Assassin's Creed Nexus VR Review: Oh. My. God. So. Good.
Assassin's Creed Nexus is a revelation for VR. The graphics, gameplay, and story shine on Quest 3 in a way I hardly thought possible.
This game is the finger that covers your mouth when you're about to rant about mobile VR. It elegantly shuts you up when you start talking about PC VR as the only true VR. It's a pitiful sideways glance at Sony's Playstation VR 2: Look, that could have been you!
You thought, like me, that the hackneyed Assassin's Creed, which has become a soulless grind fest in its latest installments, could only be a failure as a VR game, especially since it releases exclusively for Quest 2, Quest Pro and Quest 3?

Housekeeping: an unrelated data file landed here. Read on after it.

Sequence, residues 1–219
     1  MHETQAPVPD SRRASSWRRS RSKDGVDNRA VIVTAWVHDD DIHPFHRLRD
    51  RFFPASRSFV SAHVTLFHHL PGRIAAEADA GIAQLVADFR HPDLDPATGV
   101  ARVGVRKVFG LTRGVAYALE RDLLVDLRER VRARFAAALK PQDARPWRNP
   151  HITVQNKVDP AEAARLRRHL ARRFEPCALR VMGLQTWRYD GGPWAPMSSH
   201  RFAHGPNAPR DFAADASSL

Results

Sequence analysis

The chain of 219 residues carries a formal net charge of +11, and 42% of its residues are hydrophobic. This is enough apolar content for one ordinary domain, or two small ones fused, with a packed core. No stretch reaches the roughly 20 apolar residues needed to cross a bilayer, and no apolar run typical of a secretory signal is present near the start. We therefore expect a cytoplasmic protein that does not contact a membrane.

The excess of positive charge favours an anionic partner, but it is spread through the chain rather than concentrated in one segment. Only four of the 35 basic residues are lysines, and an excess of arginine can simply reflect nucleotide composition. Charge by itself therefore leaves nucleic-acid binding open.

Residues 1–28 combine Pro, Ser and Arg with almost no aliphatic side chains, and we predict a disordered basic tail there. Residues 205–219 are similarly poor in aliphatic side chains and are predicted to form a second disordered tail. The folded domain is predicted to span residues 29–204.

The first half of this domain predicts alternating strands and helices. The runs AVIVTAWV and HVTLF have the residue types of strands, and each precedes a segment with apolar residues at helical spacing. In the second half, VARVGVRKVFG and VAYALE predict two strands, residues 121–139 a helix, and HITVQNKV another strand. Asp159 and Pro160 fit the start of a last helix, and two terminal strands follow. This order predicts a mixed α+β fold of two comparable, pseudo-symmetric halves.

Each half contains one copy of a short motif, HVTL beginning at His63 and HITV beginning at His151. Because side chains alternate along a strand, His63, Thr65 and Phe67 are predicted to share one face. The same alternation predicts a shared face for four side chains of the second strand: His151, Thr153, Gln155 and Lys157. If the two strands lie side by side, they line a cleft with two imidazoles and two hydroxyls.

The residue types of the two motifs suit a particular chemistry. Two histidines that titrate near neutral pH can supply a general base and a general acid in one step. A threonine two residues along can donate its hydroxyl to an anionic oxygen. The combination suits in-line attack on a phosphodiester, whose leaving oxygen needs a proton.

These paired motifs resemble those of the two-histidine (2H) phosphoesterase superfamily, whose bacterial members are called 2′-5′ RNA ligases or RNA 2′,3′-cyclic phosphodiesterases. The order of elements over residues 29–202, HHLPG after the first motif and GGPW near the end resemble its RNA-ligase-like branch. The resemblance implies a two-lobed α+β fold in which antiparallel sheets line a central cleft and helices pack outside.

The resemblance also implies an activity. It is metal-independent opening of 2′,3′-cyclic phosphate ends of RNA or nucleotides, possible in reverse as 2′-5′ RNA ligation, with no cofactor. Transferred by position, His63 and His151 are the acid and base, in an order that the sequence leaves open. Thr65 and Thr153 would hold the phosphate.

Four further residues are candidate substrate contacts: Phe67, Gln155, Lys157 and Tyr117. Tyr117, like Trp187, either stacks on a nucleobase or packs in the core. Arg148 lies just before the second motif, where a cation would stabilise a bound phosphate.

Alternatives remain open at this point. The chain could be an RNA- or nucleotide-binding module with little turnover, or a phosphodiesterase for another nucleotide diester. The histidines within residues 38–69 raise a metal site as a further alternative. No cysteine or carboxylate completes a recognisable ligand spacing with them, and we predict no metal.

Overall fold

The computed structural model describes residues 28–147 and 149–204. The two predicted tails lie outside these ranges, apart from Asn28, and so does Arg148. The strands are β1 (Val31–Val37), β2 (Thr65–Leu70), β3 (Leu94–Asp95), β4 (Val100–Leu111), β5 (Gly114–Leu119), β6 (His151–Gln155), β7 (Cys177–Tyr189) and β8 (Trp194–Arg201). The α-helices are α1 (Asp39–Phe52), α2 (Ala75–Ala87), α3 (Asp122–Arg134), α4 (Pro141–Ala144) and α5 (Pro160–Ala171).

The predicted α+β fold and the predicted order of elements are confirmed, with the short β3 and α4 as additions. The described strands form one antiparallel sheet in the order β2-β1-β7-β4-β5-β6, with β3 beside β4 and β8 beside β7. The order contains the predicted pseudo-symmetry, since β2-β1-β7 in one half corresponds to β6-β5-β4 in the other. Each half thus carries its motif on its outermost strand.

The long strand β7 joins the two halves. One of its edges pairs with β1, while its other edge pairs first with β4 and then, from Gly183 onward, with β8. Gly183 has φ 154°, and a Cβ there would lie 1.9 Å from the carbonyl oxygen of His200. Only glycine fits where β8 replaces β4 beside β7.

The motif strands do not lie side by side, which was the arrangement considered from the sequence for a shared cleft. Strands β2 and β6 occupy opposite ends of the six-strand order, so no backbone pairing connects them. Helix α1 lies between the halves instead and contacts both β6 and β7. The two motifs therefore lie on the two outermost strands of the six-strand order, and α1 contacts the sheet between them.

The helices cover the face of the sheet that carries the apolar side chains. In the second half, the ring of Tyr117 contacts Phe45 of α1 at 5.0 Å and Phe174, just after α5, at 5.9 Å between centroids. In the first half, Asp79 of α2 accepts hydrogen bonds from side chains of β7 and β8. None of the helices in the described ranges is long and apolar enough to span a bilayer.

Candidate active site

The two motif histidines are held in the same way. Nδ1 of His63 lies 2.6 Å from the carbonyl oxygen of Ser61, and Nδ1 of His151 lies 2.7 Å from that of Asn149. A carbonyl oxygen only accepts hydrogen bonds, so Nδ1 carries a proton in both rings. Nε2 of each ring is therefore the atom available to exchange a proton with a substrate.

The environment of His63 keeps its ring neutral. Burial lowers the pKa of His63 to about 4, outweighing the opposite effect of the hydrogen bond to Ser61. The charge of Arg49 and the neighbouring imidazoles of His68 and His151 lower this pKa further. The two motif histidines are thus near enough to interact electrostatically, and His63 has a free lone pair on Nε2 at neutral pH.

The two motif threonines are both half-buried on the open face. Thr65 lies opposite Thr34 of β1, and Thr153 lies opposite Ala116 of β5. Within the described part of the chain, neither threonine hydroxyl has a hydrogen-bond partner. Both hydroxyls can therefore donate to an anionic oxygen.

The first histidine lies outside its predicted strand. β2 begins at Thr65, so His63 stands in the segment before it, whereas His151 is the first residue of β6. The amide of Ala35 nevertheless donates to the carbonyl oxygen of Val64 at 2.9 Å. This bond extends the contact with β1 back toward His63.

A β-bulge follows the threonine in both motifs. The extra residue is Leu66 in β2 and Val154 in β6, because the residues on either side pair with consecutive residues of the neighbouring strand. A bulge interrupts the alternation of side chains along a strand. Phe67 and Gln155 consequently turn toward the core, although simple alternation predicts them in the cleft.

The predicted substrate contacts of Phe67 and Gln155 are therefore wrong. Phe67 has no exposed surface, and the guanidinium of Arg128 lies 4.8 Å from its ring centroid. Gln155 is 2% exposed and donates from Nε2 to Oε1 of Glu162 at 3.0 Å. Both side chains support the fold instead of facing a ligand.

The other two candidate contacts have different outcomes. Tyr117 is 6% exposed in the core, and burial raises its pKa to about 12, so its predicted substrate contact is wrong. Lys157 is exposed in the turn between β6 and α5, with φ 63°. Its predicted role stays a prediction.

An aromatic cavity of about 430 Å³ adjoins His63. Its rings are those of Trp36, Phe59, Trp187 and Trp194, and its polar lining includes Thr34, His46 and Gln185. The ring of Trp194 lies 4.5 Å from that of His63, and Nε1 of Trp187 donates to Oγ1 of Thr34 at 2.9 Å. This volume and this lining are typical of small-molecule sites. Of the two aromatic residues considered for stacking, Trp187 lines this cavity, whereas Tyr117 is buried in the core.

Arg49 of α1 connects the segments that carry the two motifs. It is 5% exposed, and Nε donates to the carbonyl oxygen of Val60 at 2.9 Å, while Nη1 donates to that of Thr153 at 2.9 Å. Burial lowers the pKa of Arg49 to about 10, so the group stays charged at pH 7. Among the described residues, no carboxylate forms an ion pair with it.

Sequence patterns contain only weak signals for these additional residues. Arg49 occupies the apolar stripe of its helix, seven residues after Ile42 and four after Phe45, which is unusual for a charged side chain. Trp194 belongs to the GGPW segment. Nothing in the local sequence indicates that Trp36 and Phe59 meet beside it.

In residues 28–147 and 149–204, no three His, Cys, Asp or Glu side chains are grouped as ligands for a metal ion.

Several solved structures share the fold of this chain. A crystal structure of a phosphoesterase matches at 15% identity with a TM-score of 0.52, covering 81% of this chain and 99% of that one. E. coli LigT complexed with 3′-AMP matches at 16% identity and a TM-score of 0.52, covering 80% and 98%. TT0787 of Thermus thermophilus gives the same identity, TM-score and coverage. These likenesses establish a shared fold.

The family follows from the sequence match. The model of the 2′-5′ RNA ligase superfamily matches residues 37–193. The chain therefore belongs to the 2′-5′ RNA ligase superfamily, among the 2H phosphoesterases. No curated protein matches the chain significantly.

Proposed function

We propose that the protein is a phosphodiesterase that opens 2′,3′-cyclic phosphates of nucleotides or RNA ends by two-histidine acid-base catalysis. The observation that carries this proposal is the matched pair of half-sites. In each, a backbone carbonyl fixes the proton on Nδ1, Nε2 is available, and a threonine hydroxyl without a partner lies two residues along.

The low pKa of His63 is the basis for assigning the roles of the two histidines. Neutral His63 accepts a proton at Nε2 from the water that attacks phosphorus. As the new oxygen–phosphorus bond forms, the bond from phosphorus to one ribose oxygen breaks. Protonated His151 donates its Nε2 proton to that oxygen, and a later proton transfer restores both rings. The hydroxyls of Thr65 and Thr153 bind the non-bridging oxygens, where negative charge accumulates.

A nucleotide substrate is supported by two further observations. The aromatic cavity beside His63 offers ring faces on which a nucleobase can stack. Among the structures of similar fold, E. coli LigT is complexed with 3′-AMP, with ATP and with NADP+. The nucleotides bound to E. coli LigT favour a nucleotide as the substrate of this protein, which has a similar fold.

After my rather mixed impression of the hands-on event in London, I have to say: all concerns are baseless. At this time, Assassin's Creed Nexus is my VR game of the year, and it sets high new standards for VR games on mobile VR headsets.
Here are my reasons.
Assassin's Creed Nexus VR review in a nutshell
Large, beautiful cities and levels. Great NPCs and an excellent story with several emotional highlights for Assassin's Creed fans as well as ingenious details. Nearly flawless implementation of Assassin's Creed gameplay, with thrilling assassination attacks and wild parkour over the rooftops of the cities.
Assassin's Creed Nexus finally takes the aging franchise to the next level and heralds a technological paradigm shift with its quality: PC and PS5 are no longer the only platforms for premium and expansive VR experiences. With Assassin's Creed Nexus, The Quest 3 has become a Triple-A platform.
Tested on: Quest 3
Assassin's Creed Nexus is suitable for you if you …
- want to experience a real Assassin's Creed in VR,
- want to be Ezio, Cassandra and Connor,
- are looking for a great, large and graphically impressive game world to explore on the Quest headsets,